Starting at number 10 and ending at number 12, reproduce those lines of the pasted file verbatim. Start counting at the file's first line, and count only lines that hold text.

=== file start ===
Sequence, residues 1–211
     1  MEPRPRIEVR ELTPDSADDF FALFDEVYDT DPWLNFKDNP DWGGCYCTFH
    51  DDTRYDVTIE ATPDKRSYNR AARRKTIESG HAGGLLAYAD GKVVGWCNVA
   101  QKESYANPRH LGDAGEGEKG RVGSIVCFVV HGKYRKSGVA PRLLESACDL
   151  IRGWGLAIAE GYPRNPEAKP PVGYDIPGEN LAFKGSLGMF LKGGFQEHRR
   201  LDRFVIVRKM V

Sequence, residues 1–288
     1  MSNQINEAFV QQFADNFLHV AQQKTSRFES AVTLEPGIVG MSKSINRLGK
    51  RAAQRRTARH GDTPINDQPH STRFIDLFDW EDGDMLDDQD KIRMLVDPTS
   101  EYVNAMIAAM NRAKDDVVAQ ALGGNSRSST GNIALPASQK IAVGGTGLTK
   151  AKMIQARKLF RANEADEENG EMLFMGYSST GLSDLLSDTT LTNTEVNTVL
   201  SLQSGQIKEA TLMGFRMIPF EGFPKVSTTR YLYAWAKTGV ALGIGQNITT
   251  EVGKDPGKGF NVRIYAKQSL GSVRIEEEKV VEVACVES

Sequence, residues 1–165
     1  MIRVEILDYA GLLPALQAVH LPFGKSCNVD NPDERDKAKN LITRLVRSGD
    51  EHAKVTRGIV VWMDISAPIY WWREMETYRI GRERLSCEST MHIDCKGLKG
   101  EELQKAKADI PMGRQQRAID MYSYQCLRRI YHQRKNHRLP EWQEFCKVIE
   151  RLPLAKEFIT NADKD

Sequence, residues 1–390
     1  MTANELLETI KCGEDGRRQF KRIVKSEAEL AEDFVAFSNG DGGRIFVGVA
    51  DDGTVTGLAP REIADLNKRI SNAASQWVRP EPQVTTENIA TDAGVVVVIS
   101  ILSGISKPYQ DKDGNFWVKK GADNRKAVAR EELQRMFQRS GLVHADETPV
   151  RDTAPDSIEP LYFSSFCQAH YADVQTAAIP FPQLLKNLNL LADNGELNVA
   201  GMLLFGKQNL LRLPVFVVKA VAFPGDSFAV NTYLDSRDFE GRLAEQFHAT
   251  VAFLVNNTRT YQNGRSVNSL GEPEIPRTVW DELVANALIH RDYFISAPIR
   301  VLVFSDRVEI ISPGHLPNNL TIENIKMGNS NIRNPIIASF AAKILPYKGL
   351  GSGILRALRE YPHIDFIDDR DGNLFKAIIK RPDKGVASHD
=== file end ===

   101  EYVNAMIAAM NRAKDDVVAQ ALGGNSRSST GNIALPASQK IAVGGTGLTK
   151  AKMIQARKLF RANEADEENG EMLFMGYSST GLSDLLSDTT LTNTEVNTVL
   201  SLQSGQIKEA TLMGFRMIPF EGFPKVSTTR YLYAWAKTGV ALGIGQNITT